THE ACCC receives many calls about advertising and selling issues.With the introduction of the new tax system many businesses continue to base their advertising campaigns around GST ‘hype’.Honest advertising and selling practices benefit business ...
With the introduction of the new tax system many businesses continue to base their advertising campaigns around GST ‘hype’.
Honest advertising and selling practices benefit business and consumers.
However, any kind of conduct or behaviour in business that could give a customer the wrong impression or idea about the real situation may potentially breach the Trade Practices Act.
The ACCC recently instituted proceedings in the Federal Court against a Perth business alleging misrepresentations and false and misleading conduct concerning advertising by the business about the likely impact of the GST and the availability of finance.
The ACCC is seeking court orders including injunctions preventing the business from engaging in similar conduct in the future, corrective advertising and refunds for consumers that may have suffered loss as a result of the advertisement.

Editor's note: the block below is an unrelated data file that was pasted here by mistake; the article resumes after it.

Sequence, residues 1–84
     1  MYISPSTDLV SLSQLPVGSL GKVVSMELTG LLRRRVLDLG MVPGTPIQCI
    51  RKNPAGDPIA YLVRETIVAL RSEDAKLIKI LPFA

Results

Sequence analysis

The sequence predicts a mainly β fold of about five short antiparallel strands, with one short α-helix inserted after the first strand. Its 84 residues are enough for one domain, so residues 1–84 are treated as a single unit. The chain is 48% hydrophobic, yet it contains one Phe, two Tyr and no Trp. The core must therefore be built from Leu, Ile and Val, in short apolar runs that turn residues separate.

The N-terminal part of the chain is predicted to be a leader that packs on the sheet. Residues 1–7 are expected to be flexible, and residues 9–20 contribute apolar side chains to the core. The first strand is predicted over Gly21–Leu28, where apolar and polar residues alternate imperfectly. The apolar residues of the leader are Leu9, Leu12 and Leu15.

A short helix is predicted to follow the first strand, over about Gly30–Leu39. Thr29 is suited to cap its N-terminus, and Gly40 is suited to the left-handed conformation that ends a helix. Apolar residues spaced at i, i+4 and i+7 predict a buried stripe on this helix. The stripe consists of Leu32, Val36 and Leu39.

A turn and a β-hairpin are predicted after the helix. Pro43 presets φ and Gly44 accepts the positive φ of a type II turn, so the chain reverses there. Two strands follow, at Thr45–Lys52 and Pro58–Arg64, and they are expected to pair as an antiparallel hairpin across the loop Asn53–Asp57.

Businesses, their staff and representatives must take particular care not to mislead or deceive consumers because the law does not distinguish between deliberate or accidental misrepresentations.
The Trade Practices Act also specifically outlaws particular types of false or misleading representations, such as false claims about a product’s value, price, quality, place of origin or impact on the environment.
Material is available either in hard copy or from the ACCC website at http://www.accc.gov.au that help businesses understand their rights, remedies and obligations under the Trade Practices Act.
n Professor Allan Fels is chairman of the Australian Consumer and Competition Commission.